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[liberationtech] DecryptoCat

Jonathan Wilkes jancsika at yahoo.com
Thu Jul 11 11:04:34 PDT 2013


On 07/11/2013 12:38 PM, Maxim Kammerer wrote:
> On Tue, Jul 9, 2013 at 4:57 PM, Jacob Appelbaum<jacob at appelbaum.net>  wrote:
>> While I think Maxim is viewed as exceedingly harsh in how he writes, I
>> think that your response is really the wrong way to deal with him. We
>> should consider that his cultural background is different and that as
>> far as I understand it, he isn't a native english speaker. Between the
>> two things, perhaps we might just ask him to be nicer?
> I am often harsh because I dislike circlejerks. Activists are too
> often completely unable to employ critical thinking when the result of
> that thinking would go contrary to their ideology — even more so when
> said activists lack scientific/technical education. E.g., recall that
> case last year where legal activists on this list finally succeeded in
> (or at least supported, not sure) enhancing export controls of
> software [1]. I was as annoyed as you, but I wasn't surprised. This is
> what these people do: claim they support some idea (e.g., freedom to
> write software), but easily do something to the contrary when the
> result is not aligned with their ideology. There is no critical
> thinking involved — nothing in their life accustomed these people to
> the need to think critically.
>
> Anyway, back to the topic. I don't care much about Cryptocat, simply
> because I don't care much about web programming. I don't think I
> participated in a discussion about Cryptocat previously. I did
> converse with Nadim when he was going to do something stupid in the
> project once, but got tired quickly when he found it hard to grasp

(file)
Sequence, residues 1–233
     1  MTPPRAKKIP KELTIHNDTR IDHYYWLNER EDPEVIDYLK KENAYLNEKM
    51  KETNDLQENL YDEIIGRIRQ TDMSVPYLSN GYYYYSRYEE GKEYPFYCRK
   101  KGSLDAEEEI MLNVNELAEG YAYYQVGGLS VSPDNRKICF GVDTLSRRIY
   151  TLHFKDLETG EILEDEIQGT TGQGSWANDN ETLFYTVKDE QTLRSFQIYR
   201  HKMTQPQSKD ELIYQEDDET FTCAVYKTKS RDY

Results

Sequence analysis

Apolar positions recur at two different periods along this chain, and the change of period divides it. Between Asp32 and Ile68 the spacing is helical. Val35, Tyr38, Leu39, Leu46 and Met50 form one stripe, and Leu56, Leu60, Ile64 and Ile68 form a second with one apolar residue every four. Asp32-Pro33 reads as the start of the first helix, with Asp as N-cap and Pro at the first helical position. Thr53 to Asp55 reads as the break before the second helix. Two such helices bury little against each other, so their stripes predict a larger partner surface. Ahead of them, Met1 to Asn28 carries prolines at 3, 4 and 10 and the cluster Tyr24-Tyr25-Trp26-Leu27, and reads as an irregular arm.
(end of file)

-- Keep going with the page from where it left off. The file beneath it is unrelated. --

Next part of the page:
> simple CS concepts. So he fixed the problem, and I stopped caring,
> fine. But in this thread, I pointed out something very simple:
> Cryptocat paid for professional peer review (audit, whatever you call
> it), and it didn't work.

I think the upshot of that is to steer whatever funds Cryptocat has
toward the form of peer review that did work, which is the bug
hunt (as well as look into other forms of peer review that would
be more effective).  Paying someone to tell you what problems
they _did_ find makes it possible for the peer to self-validate their
"peerness" without referring to credentials, and possible to test the
claims of the peer that go
beyond the immediate evidence.  E.g., the bug finder says the
programmer is incompetent because in the few places he cared
to look there were bugs; there's more money in the bug hunt
coffers; thus, a bug hunter who likes money would continue to
find bugs in other places until he drains the coffers.

It isn't perfect, and of course the community still has to work
hard to keep developers from claiming that no bugs found
with an outstanding prize means it's secure or well-designed.
But as one piece of the puzzle on a small project it is
a) transparent, b) the incentives of the peer line up with one of
the professed aims of the developer, and c) the peer has no
incentive to exploit a developer's hidden desire to confirm
that the software in its current state works as claimed.  (Which
I'm sure all developers have even if they don't want to admit
it.)

-Jonathan



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